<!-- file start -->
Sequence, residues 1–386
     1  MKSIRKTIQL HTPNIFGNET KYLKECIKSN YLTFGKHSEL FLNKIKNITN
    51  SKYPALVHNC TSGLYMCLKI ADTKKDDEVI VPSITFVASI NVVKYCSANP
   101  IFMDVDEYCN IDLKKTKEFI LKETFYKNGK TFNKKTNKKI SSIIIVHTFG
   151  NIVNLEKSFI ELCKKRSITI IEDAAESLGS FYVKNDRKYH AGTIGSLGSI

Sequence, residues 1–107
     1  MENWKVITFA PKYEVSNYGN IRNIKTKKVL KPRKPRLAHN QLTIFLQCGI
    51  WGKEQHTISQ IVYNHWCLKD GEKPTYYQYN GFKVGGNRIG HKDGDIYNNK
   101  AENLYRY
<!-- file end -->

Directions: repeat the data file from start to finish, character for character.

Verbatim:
Sequence, residues 1–386
     1  MKSIRKTIQL HTPNIFGNET KYLKECIKSN YLTFGKHSEL FLNKIKNITN
    51  SKYPALVHNC TSGLYMCLKI ADTKKDDEVI VPSITFVASI NVVKYCSANP
   101  IFMDVDEYCN IDLKKTKEFI LKETFYKNGK TFNKKTNKKI SSIIIVHTFG
   151  NIVNLEKSFI ELCKKRSITI IEDAAESLGS FYVKNDRKYH AGTIGSLGSI

Sequence, residues 1–107
     1  MENWKVITFA PKYEVSNYGN IRNIKTKKVL KPRKPRLAHN QLTIFLQCGI
    51  WGKEQHTISQ IVYNHWCLKD GEKPTYYQYN GFKVGGNRIG HKDGDIYNNK
   101  AENLYRY